US can be self-sufficient without Russia


Northern Star file photo

An American flag at the Barsema Alumni and Visitor’s Center on Nov. 3.

By Angelina Padilla-Tompkins, Opinion Editor

The past month has been unpredictable with everyone’s eyes glued to the news to see what Russia will do next and what the rest of the world is going to do about it. 

Our first instinct was to throw sanction after sanction at Russia. One of the heaviest so far is the choice to stop all oil trade with them. This did not come without risk to our own country as we have seen with the skyrocketing gas prices, but it’s better to pay more in gas than to do business with Russia right now.  

One question that has been asked since the start of the Russia-Ukraine war is whether America can be self-sufficient. The simple answer is yes. 

International relations professor Ches Thurber believes it is possible for America to be self-sufficient without Russia, but it would take a collective effort with our allies. 

“The United States is able to produce a lot of oil both domestically now, as well as other regions of the world which it most directly imports,” Thurber said.  

The U.S. and its allies can unite together to support one another through the long process of becoming self-sustaining. 

Contrary to popular belief, Russia is number three for oil production next to the United States and Saudi Arabia. However,  Russia is the largest country in exporting oil, according to the world economic forum.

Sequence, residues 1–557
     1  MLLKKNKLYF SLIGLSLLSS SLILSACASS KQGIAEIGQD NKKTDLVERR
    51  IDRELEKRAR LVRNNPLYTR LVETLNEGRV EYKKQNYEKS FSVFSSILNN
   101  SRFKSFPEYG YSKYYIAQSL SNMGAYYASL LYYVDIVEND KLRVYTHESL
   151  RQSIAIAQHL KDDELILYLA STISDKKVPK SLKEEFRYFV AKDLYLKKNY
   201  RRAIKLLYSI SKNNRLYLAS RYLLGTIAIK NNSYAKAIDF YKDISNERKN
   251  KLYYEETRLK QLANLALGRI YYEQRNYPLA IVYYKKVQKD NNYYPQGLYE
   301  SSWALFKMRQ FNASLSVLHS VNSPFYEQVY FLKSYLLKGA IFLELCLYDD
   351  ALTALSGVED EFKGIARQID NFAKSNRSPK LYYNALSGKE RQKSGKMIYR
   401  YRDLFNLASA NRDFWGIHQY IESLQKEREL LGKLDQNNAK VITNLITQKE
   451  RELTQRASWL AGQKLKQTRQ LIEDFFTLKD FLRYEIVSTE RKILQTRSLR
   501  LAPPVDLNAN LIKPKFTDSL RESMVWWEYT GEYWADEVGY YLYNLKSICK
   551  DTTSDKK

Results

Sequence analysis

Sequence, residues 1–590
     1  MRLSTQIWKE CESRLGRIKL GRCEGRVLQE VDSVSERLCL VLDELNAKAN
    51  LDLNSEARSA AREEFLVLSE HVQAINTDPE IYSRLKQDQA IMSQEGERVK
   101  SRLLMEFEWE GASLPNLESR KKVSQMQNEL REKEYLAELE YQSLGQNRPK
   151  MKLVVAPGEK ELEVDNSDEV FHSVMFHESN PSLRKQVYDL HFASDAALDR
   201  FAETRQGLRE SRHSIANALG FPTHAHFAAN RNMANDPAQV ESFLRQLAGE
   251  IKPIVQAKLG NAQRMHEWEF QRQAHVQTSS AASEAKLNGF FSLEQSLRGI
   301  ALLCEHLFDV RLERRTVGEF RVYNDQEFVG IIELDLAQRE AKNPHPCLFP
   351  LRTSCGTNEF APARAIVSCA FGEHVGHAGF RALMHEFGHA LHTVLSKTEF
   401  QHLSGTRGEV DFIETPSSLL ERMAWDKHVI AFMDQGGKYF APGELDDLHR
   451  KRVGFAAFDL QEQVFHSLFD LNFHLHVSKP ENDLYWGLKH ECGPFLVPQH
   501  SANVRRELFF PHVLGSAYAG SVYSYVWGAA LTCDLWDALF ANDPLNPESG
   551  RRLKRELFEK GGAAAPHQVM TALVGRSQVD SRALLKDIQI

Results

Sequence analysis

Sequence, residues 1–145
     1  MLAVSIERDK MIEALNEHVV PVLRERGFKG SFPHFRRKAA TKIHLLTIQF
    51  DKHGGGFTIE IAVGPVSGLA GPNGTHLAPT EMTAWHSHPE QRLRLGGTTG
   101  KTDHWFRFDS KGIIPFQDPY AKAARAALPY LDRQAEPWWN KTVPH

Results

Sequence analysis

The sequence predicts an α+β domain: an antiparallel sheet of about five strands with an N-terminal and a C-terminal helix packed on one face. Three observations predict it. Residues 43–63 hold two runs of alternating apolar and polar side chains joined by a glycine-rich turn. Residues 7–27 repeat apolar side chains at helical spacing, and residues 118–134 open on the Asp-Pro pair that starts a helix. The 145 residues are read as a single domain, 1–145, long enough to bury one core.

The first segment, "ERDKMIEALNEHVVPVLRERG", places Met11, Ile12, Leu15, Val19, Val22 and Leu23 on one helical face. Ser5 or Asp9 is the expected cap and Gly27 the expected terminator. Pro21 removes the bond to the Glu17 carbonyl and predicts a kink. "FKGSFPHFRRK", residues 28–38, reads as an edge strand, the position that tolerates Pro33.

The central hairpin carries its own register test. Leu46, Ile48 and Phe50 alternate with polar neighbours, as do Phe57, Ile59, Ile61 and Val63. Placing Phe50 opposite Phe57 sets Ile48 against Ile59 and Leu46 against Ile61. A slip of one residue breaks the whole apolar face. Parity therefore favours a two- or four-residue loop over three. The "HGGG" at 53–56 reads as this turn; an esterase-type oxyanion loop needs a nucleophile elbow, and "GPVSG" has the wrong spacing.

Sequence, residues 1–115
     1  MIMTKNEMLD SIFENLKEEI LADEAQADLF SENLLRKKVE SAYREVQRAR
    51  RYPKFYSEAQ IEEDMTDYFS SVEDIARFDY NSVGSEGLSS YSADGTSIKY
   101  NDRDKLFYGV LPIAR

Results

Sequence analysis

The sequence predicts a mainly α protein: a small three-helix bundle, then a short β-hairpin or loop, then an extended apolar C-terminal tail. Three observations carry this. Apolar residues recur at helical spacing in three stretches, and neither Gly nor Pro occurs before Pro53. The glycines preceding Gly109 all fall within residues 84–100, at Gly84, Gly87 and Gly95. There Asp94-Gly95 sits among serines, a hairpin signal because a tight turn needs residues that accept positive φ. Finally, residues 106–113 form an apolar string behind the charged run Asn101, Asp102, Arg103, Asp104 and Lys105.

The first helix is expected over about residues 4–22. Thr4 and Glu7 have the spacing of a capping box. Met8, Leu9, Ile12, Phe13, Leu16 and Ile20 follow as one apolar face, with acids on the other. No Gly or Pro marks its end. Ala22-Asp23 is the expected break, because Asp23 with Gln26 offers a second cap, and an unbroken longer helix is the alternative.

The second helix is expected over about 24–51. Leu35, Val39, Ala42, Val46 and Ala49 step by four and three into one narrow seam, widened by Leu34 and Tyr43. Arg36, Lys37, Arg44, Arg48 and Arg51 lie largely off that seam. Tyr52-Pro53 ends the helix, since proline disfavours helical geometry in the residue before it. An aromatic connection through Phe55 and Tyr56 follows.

Despite Russia exporting the most oil over other countries, the United States gets just over 50% of its imported oil from Canada and only 8% from Russia, as stated by the U.S energy information administration.  

For America to become independent from Russia, we only need to make up for roughly 10% of our oil which is possible if we disperse more of our domestic resources throughout our homeland.

One argument being made is the negative effect relying on fossil fuels has on global warming, but there are long-term solutions to this dilemma. Thurber sees the strong sanctions we have imposed on Russia as an opportunity to also, “decrease the reliance on not only Russian oil and natural gas but also fossil fuels.,” However, he admits the challenge to this is it’s not an immediate solution to our current struggle with skyrocketing gas prices at the pump. 

“You can’t just switch to alternative energies,” Thurber said, “but it would be a real missed opportunity to not simply replace Russian oil and gas with other oil and gas, but to find other sustainable sources of energy.” 

There are many factors that support the possibility that America can be self-sufficient without Russia, so we should take this opportunity to improve within our borders too.